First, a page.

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"At The Throttle"
by Mark Bassett, Executive Director

A weekly series of columns originally published in the Friday edition of the Ely Times 
Mark Bassett is the Executive Director of the White Pine Historical Railroad Foundation, operator of the Nevada Northern Railway Museum. He can be reached at the museum (775) 289-2085 ext. 7 or e-mail: director@nnry.com

 


Must a Teenager Die on the Tracks?
21 April 2006

This Saturday, the 2006 excursion schedule starts and continues through December 30. Last year almost 700 trains departed from East Ely. This year we should be running the same number of trains.

As our operation increases, we are having an increase in the number of incidents where we are coming upon trespassers on our line. Most of the trespassers are riding either ATV's or dirt bikes. The favorite shortcuts of 4-wheelers and dirt bikes are the high fills that the track is on. This is also the place with no room for maneuver. There is not enough clearance for a 4-wheeler and the train on the fill.

The worst visibility on the railroad is through the tunnels. The original tunnel is a curved tunnel with minimal clearance. The curve limits visibility and the other major problem is that the engineer is blind for about three seconds upon entering the tunnel because he went from bright sunlight into gloom. We have permanent speed restriction of eight miles an hour for all trains going through the tunnel because of poor visibility. If you take the eight miles an hour and the three seconds from the time an engineer enters the tunnel, the train travels almost thirty-six feet blind. If there is a 4-wheeler in the way, the engineer will never see it and there is no room for the 4-wheeler to get out of the way. Result, a smashed 4-wheeler and if we're very lucky, just a much shaken rider. If we're not lucky, we'll have a rider who is either seriously injured or killed.

The railroad has put up "No Trespassing" signs at the worst places along our route. We ask that you respect these signs for your own safety. (These signs are not really working well, because they keep being torn down.)

You should not walk along the track or ride your bicycle, motorbike, or 4-wheeler along the track. It is very dangerous. If you should find yourself in a situation where you are facing the train, get out of the way. Leave the bicycle, 4-wheeler, or dirt bike behind; climb out of the way, save yourself. Don't take a chance; you won't win, you're facing 500,000 pounds of railroad train coming down the track.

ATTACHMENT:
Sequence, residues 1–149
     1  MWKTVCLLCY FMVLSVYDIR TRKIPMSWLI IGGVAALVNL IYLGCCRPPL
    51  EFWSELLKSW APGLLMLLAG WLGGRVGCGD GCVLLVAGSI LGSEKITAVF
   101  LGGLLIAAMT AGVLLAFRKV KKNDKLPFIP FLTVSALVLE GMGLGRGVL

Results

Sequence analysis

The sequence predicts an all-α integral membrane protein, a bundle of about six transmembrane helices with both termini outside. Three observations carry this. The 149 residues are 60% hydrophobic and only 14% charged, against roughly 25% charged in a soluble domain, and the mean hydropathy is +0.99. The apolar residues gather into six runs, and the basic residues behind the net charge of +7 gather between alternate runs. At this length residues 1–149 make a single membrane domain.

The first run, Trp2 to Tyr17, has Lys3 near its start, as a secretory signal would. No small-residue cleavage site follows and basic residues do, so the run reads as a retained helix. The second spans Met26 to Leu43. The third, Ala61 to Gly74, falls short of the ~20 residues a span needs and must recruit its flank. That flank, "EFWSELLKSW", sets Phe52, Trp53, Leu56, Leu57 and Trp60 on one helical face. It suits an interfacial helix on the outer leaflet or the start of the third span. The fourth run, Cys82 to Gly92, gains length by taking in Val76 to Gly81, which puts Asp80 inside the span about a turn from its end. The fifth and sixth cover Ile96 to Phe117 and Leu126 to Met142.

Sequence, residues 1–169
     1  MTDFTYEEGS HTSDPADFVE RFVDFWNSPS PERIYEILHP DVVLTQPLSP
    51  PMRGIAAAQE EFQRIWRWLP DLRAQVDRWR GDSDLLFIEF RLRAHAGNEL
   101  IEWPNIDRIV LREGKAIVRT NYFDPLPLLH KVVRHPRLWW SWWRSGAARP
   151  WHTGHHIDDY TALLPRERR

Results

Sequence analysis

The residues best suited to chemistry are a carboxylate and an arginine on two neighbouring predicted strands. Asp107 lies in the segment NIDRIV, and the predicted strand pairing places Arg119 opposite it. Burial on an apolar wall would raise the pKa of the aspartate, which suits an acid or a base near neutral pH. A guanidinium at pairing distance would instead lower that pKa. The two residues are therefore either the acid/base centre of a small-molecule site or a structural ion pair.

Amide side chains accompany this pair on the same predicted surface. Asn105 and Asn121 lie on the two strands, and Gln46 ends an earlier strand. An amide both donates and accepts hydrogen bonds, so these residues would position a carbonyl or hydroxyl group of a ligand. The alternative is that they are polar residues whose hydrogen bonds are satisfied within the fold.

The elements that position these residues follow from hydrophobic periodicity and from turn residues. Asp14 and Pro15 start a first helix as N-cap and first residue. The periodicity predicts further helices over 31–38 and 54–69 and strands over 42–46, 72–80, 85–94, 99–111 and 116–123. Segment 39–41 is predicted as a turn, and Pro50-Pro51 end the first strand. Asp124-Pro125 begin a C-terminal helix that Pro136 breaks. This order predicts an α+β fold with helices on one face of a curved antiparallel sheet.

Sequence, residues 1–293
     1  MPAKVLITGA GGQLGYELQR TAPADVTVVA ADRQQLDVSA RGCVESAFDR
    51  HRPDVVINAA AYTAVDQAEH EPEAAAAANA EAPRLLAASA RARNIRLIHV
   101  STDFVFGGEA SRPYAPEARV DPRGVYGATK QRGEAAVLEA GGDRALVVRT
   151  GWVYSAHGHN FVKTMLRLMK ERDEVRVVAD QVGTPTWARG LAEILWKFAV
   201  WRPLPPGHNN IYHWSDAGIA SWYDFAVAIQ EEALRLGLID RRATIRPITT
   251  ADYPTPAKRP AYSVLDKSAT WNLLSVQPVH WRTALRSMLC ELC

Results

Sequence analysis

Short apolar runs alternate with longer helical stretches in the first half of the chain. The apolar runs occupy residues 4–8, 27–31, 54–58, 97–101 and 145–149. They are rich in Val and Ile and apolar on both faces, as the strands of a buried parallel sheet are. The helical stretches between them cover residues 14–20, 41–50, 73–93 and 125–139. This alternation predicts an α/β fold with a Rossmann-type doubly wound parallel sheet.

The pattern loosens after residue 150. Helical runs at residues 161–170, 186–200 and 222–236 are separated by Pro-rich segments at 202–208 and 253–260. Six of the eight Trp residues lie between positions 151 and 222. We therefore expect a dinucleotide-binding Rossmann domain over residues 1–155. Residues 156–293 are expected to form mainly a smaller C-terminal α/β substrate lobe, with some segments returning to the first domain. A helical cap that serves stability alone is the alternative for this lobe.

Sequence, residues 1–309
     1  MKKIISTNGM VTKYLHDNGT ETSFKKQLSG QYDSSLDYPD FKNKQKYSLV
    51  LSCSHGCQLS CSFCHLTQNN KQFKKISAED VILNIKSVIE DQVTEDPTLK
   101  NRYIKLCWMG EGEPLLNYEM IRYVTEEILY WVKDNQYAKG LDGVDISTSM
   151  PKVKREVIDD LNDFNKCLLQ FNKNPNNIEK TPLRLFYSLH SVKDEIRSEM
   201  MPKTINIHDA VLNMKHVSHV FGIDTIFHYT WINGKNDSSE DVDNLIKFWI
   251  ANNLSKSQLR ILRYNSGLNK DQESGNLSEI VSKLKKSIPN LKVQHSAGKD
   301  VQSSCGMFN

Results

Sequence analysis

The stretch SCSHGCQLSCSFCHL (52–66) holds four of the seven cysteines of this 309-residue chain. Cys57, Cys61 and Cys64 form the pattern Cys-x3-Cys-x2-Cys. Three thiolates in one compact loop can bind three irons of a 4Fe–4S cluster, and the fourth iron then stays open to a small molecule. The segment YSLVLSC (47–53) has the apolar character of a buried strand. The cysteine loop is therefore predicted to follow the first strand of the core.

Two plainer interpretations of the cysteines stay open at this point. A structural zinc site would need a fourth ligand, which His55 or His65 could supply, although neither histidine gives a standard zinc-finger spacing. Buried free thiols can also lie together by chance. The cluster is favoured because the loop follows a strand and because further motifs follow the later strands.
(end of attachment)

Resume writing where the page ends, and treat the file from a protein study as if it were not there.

Last August I wrote Letter to the Editor that went like this:

But for the grace of God, the front page of the Ely Times for August 12, 2005, was almost completely different.

The lead headline would have been, "Ely Boy Killed by Steam Train." The front-page picture would have shown a blue and white 4-wheeler smashed under the driving wheels of a 100-ton steam locomotive. There would have been fire trucks, police cars, and an ambulance in the photo. The photo would have also shown the fireman trying to remove the mangle remains of 15-year-old Ely boy who was dead.

The opening paragraph would have been this:

"Today a 15 year old Ely boy on a blue and white 4-wheeler was run over and killed by steam locomotive 93. According to eyewitness accounts, the boy was showing off and pacing the train by the cell phone towers on a steep hill. The boy took the 4-wheeler too close to the edge of the hill and lost control of the 4-wheeler and slid down hill. The boy and the 4-wheeler hit the rails and they tipped over directly in front of the train. The engineer put the train in emergency but could not stop in time and ran over the teenager killing him."

The letter went on describing how the scene could play out:

"The railroad museum is providing grief counseling to the train crew and passengers. The engine crew could hear the teenager's cries of agony as the train was brought to a stop."

"According to a passenger on the flat car, 'There was blood everywhere under the steam locomotive, it was horrifying. I'll have nightmares about this for the rest of my life.'"

The full letter appeared in the Ely Times on August 19th. I thought it was a pretty good letter and maybe it would help with the problem that we are facing with trespassers along the railroad right-of-way. I was wrong.

The Sunday following the printing of the letter, we had a motorcycle rider come up and grab on to the flatcar while the train was moving! We also have had two ATVs drive down the right-of-way on either side of the track as a train was approaching. Incredibly, there was an adult on each ATV holding an infant in their arms. Motorcycles and ATV's have also used the tunnels as shortcuts.

The seriousness of the situation is such that it is not if we will kill a trespasser but when we will kill a trespasser.

The short version is that our trains weighs in at over a half million pounds. That's right, over five hundred thousand pounds. Even just the locomotive weighs almost two hundred thousand pounds. That is a lot of weight and it is a lot of weight to stop! The trains or locomotives cannot stop on a dime. They need hundreds of feet to come to a complete stop. And with railroading just slowing down to one or two miles an hour isn't good enough. If the train hits a four-wheeler at two miles an hour, it will still be like hitting a brick wall.

In addition to the incredible danger of using the track as a shortcut, the constant traffic is eroding the track base. To make repairs to this damage the museum will need to spend tens of thousands of dollars.

It is a no win situation for the museum. Even if we don't kill one of the trespassers, we are still left with a huge repair bill from their trespass. So please stay off the railroad right-of-way.

 

 

 

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